oxadiazon use on sites other than golf courses, its specialized use pattern, and its
                        relatively high cost, concurrent exposures are not expected.
                              In addition, oxadiazon was not assessed for the cumulative effects of
                        pesticides having a common mechanism of toxicity. The Agency does not have
                        sufficient information at this time concerning common mechanism issues to determine
                        whether or not oxadiazon shares a common mechanism  of toxicity with other
                        substances, including other oxadiazoles.  Therefore, for the purposes of this risk
                        assessment, the Agency has assumed that oxadiazon does not share a common
                        mechanism of toxicity with any other chemicals.
Ecological Risks
      Environmental fate studies indicate that oxadiazon persists in the environment
bound to organic matter. In clear, shallow bodies of water, oxadiazon not bound to
organic matter may be degraded by sunlight.  Alternatively, oxadiazon is defined as
a light-dependent peroxidizing herbicide (LDPH), which suggests that toxicity is
greater in the presence of light. Studies indicate that after application to soil,
oxadiazon remains near the surface, and can be transported via runoff to nearby
surface water bodies.  Leaching from surface soils to groundwater is expected to
be low or negligible, unless the soil is very porous.  Since this stable compound can
bind to particulate and organic matter, oxadiazon residues can accumulate in
sediments at the bottom of bodies of water.
      To mitigate ecological risks the technical registrants has agreed to label
amendments which include reductions in application rates. In addition, the Agency
is requiring that the registrant submit data related to fish and invertebrate toxicity,
as well as data from toxicity studies with aquatic plants and sediment.
        Summary         Tn's ^act Sheet explains the Agency's decision regarding the reregistration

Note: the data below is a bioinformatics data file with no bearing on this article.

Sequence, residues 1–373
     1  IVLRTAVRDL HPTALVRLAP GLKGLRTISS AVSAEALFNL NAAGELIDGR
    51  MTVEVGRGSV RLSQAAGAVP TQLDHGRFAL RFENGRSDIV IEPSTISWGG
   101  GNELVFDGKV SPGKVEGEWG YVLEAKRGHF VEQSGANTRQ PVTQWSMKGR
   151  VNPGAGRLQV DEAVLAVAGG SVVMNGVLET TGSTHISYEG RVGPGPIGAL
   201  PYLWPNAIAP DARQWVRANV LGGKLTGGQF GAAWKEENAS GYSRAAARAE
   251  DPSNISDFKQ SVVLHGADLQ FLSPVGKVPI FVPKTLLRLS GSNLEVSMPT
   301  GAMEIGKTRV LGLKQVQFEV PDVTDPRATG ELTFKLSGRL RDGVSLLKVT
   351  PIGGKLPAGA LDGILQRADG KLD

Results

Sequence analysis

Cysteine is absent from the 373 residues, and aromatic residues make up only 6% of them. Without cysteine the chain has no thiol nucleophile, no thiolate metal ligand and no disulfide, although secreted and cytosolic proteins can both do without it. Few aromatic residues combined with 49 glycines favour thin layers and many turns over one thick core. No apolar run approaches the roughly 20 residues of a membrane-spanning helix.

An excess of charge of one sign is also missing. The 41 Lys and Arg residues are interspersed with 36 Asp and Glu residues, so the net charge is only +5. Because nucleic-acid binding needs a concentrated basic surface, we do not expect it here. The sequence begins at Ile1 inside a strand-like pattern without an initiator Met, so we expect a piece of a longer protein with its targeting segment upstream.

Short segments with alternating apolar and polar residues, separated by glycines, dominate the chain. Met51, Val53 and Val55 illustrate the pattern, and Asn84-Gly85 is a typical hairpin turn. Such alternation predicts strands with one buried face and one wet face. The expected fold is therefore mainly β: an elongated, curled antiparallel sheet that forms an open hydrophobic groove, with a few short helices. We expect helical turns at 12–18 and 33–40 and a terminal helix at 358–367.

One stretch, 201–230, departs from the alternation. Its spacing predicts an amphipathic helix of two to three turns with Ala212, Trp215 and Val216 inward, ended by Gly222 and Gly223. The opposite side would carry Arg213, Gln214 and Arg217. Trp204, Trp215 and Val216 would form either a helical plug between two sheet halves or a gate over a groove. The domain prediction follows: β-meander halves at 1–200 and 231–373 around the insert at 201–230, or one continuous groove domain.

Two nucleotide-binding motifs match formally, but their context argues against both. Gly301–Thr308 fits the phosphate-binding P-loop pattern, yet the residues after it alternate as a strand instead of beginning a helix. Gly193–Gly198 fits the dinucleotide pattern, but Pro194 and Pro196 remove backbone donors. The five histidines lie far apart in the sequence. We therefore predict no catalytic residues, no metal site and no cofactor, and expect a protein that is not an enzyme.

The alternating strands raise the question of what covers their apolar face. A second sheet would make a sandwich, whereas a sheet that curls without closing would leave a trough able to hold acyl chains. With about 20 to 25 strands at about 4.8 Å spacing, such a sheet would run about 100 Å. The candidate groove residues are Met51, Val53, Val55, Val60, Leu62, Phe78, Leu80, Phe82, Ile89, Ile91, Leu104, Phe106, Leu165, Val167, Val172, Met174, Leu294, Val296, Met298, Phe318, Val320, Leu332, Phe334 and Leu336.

eligibility of the registered uses of oxadiazon.  The Agency has found that the current
                       uses of oxadiazon are eligible for reregistration, provided the changes specified in the
                       RED are made to the packaging and labels.
Additional Data
      EPA is requiring the following confirmatory data requirements for oxadiazon:
   870.3465: 28-day inhalation toxicity
   850.1300: Early-Life Stage in Freshwater and Estuarine/Marine Fish
   850.1350: Life Cycle in Freshwater and Estuarine/Marine Invertebrates
   850.4100: Seedling Emergence (Tier 1)

                              850.4150: Vegetative Vigor (Tier 1)
                              850.4225: Seedling Germination/Emergence
                              850.4250: Vegetative Vigor (Tier 2)
                              835.4300: Aerobic Aquatic Metabolism
                              Aquatic Phototoxicity Studies (Fathead minnow)
                              Acute and Chronic Sediment Toxicity Testing
                              Water Monitoring Study
  Product Labeling
Changes Required
      All oxadiazon end-use products must comply with EPA's current pesticide
 product labeling requirements. For a comprehensive list of labeling requirements,
 please see Section V of the oxadiazon RED document.
          Regulatory         EPA has determined that all products containing oxadiazon as the active
         Conclusion   ingredient are eligible for reregistration, provided changes specified in the oxadiazon
                           RED are incorporated into the label and additional data identified in Section V of the
                           RED confirm this conclusion.
            For More
      EPA is requesting public comments on the Reregistration Eligibility Decision
(RED) document for oxadiazon during a 60-day time period, as announced in a
Notice of Availability published in the Federal Register, To obtain a copy of the
oxadiazon RED document, please contact the OPP Public Docket (7502C), US EPA,
Ariel Rios Building, 1200 Pennsylvania Avenue, NW, Washington, DC  20460-0001,
telephone: (703) 305-5805.  Electronic copies of the oxadiazon RED and all
supporting documents are also available on the Agency's website at
http:/Avww. cfpub. epa.gov/oppref/rereg/status. cfm ?show=rereg.
      For more information about EPA's pesticide reregistration program or the
oxadiazon RED, please contact the U.S. EPA, OPP, Special Review and
Reregistration Division (7508C), Washington, DC  20460-0001, telephone: (703) 308-
      For more information about the health effects of pesticides, or for assistance in
recognizing and managing pesticide poisoning symptoms, please contact the National
Pesticide Information Center (NPIC). Call toll-free (800) 858-7378, from  6:30 am to
4:30 pm Pacific Time, or 9:30 am to 7:30 pm Eastern Standard Time, seven days a
week. Their internet address is http://www. noic. orst. edu.